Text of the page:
Last week I discovered and downloaded an app for my iPad called China Air Pollution Index. This app tells users what the air quality is in major Chinese cities. For Beijing and cities with U.S. consulate offices it provides the data that the Chinese government publishes as well as the numbers that the U.S. embassy or consulate have read on site.
These numbers can vary widely. For example, today in Beijing the US Embassy meters rate the Beijing air quality hazardous with a 304 reading, while the Chinese government rates the level as lightly polluted at 183.
Sometimes the US numbers are lower than China’s. Yesterday the Chinese government reported an index of 74 (good) while the US consulate in the capital reported one of 223 (very unhealthy). Both entities recommend wearing a mask.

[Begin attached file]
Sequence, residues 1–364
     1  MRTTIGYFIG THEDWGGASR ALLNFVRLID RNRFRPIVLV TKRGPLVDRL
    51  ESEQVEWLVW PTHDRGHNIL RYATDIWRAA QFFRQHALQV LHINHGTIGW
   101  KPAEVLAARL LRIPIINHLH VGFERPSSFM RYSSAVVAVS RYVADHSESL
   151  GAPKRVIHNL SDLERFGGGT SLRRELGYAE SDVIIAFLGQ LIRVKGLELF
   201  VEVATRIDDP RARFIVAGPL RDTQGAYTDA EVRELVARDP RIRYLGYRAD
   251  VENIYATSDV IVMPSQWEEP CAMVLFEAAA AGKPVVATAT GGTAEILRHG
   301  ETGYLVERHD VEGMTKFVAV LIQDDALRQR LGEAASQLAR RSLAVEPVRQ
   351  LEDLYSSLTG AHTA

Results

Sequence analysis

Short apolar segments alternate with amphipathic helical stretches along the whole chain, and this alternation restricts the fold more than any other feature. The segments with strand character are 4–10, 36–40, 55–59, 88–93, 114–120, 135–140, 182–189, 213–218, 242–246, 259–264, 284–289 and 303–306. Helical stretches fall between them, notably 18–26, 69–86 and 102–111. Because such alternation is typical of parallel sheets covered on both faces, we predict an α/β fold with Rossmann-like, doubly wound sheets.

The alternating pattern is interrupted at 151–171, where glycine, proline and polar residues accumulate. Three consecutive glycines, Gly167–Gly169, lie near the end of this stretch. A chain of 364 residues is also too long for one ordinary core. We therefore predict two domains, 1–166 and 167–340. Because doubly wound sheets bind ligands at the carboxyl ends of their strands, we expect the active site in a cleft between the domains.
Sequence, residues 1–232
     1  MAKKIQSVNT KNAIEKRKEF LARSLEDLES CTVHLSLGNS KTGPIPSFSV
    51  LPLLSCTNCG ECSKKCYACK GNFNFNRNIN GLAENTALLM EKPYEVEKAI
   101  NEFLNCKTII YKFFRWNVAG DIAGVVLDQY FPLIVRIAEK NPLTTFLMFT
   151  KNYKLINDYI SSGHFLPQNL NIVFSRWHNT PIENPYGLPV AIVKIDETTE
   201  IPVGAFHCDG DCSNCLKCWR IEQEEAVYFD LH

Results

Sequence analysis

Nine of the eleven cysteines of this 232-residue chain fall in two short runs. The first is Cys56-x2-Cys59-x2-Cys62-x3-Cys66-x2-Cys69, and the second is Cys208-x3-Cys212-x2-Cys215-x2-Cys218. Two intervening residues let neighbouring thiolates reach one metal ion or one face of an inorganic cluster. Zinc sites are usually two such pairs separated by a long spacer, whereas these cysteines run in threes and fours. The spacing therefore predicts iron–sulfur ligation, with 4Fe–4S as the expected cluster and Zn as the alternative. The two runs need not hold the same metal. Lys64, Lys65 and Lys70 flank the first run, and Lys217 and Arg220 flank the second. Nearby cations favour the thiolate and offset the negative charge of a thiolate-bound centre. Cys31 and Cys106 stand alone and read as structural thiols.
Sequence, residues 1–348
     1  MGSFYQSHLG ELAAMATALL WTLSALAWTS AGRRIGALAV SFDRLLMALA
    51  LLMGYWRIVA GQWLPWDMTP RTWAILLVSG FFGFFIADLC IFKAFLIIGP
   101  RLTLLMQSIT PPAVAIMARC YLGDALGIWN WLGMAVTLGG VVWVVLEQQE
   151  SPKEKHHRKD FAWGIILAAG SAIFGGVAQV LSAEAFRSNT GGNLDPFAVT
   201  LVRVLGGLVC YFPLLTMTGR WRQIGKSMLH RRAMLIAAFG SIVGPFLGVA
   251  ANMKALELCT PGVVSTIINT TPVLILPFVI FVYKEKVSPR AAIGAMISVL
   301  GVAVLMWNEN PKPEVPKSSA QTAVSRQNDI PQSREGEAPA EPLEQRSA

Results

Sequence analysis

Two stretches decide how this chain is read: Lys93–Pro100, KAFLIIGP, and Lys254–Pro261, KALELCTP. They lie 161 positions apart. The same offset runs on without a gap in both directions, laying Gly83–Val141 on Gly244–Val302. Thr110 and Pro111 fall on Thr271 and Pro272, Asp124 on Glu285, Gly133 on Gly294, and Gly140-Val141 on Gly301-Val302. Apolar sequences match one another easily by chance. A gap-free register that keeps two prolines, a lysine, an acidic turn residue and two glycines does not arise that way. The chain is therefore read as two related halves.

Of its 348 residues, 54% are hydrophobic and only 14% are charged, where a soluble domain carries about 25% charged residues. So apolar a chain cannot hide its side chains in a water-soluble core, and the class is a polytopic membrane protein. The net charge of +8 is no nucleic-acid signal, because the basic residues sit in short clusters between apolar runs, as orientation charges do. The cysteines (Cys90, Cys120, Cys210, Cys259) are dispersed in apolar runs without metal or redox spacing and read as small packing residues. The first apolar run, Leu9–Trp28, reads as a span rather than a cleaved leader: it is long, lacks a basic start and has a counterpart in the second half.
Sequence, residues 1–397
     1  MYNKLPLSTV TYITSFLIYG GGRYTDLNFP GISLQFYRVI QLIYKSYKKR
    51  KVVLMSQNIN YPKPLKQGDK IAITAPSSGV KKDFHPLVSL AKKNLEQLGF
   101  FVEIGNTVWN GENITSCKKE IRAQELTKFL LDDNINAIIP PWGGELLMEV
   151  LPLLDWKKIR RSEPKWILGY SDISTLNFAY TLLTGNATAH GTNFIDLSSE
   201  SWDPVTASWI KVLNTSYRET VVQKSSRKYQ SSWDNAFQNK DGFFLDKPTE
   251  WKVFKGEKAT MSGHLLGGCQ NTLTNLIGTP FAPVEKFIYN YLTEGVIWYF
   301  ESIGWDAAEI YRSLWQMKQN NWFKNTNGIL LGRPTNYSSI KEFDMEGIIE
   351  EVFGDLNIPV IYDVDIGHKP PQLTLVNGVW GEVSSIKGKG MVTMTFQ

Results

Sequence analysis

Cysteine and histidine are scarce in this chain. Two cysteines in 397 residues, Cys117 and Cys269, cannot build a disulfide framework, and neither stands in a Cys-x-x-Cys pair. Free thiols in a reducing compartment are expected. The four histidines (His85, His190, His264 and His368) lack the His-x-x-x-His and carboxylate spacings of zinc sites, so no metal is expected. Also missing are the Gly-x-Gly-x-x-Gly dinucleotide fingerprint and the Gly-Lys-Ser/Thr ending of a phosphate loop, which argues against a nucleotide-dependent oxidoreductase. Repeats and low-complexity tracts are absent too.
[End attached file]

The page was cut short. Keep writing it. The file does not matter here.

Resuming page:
- China tells US to stop reporting Beijing’s bad air (sfgate.com)
- US to China: Won’t Keep Quiet About Your Bad Air (foxnews.com)
- China: US Embassy Should Stop Reporting Beijing’s Air Quality (theepochtimes.com)
- Chính’s news: China says only it has right to monitor air pollution (theaveragejoenewsblogg.com)
- U.S.-China dust-up over air pollution involves monitors made by Met One, of Grants Pass, Ore. (oregonlive.com)
- China Has No Good Answer to the U.S. Embassy Pollution-Monitoring (theatlantic.com)